September 12, 2009

What’s going on at the UN?

NIAC recently obtained an advance copy of an upcoming speech by the UN High Commissioner for Human Rights highlighting human rights concerns around the world. Understanding that her past statements on Iran have been inadequate, we were very concerned to see what she was planning to say:

The recent elections in Iran and the subsequent protests over the result were a reminder of both the vitality of Iran’s civil society and political life, but also of the towering constraints that peaceful activism faces. I call on the government to release those detained for peaceful protest, to investigate reports of their ill-treatment, and to ensure respect for human rights.

That’s it. Two sentences in a nine page speech.
Our President, Dr. Trita Parsi, corresponded with the L.A. Times’ Borzou Daragahi about the issue, pointing out how there is “no mention of government-sponsored violence, repression, show trials, [or] who is responsible for those ‘towering constraints.'”
Furthermore, he said, “When [the High Commissioner for Human Rights] discusses oppression in other countries, she mentions the names of specific victims, yet she doesn’t mention the names of any Iranians. The entire world knows the name of Neda Agha Soltan, but she and the many human rights defenders, lawyers and journalists in jail and on trial go unnamed.”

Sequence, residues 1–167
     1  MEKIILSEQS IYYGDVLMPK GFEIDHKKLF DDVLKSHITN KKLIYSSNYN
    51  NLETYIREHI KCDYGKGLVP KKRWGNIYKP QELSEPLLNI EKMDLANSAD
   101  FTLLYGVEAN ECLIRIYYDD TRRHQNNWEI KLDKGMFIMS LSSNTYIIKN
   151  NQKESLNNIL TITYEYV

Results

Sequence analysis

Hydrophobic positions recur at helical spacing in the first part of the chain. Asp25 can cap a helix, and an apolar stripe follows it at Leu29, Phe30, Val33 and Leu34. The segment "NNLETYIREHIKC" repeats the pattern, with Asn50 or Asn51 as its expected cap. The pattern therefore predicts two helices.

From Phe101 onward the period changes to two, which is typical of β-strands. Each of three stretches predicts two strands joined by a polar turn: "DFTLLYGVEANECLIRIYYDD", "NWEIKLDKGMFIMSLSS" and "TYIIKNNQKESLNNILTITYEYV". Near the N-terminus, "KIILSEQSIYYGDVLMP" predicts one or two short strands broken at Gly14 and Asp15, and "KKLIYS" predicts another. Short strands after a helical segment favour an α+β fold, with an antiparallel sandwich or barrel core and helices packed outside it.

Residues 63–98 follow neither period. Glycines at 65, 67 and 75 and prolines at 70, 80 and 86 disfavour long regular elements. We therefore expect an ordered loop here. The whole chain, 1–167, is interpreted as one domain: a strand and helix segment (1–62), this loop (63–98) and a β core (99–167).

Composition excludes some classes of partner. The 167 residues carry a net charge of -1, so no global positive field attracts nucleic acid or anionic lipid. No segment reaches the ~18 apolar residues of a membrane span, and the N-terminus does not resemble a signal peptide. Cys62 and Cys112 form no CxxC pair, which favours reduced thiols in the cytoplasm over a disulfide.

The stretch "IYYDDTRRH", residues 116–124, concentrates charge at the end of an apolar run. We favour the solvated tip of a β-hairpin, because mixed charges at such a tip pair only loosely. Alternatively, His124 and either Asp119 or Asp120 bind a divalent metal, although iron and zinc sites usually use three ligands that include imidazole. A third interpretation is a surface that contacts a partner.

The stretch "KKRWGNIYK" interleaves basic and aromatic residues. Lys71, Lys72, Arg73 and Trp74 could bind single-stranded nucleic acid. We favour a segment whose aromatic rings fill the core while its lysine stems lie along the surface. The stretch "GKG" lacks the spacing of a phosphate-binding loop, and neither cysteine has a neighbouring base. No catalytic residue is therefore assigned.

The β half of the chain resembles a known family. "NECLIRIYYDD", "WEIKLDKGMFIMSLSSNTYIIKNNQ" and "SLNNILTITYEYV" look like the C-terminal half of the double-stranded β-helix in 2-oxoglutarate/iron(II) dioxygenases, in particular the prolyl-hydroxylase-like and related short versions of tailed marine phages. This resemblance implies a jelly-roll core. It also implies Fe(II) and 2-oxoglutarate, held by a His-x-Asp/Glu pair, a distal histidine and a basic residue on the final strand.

The people of Iran who have demonstrated at great risk for their rights have made one simple demand over and over: bear witness to our struggle. Their bravery must not be ignored.
As Dr. Parsi told the L.A. Times:

“In an isolated country like Iran, where there are limited human rights protections and no human rights mechanisms or human rights [organization] networks at the national or regional level to address or bring attention to the plight of victims, the U.N. high commissioner’s role in spotlighting abuses becomes even more critical,” he said.

“She has failed to recognize this need,” he added.

We can only hope that by pointing out the inadequacy of her words, the High Commissioner for Human Rights will realize that she needs to take a stronger stand on the human rights abuses occurring in Iran. The world is watching.

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